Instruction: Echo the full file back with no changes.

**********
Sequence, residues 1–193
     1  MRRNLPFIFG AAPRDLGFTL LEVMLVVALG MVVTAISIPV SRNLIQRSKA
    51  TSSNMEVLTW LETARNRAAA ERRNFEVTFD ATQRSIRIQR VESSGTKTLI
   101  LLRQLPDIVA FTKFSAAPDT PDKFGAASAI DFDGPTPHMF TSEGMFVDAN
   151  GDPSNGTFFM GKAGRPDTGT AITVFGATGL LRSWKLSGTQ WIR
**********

Sequence, residues 1–193
     1  MRRNLPFIFG AAPRDLGFTL LEVMLVVALG MVVTAISIPV SRNLIQRSKA
    51  TSSNMEVLTW LETARNRAAA ERRNFEVTFD ATQRSIRIQR VESSGTKTLI
   101  LLRQLPDIVA FTKFSAAPDT PDKFGAASAI DFDGPTPHMF TSEGMFVDAN
   151  GDPSNGTFFM GKAGRPDTGT AITVFGATGL LRSWKLSGTQ WIR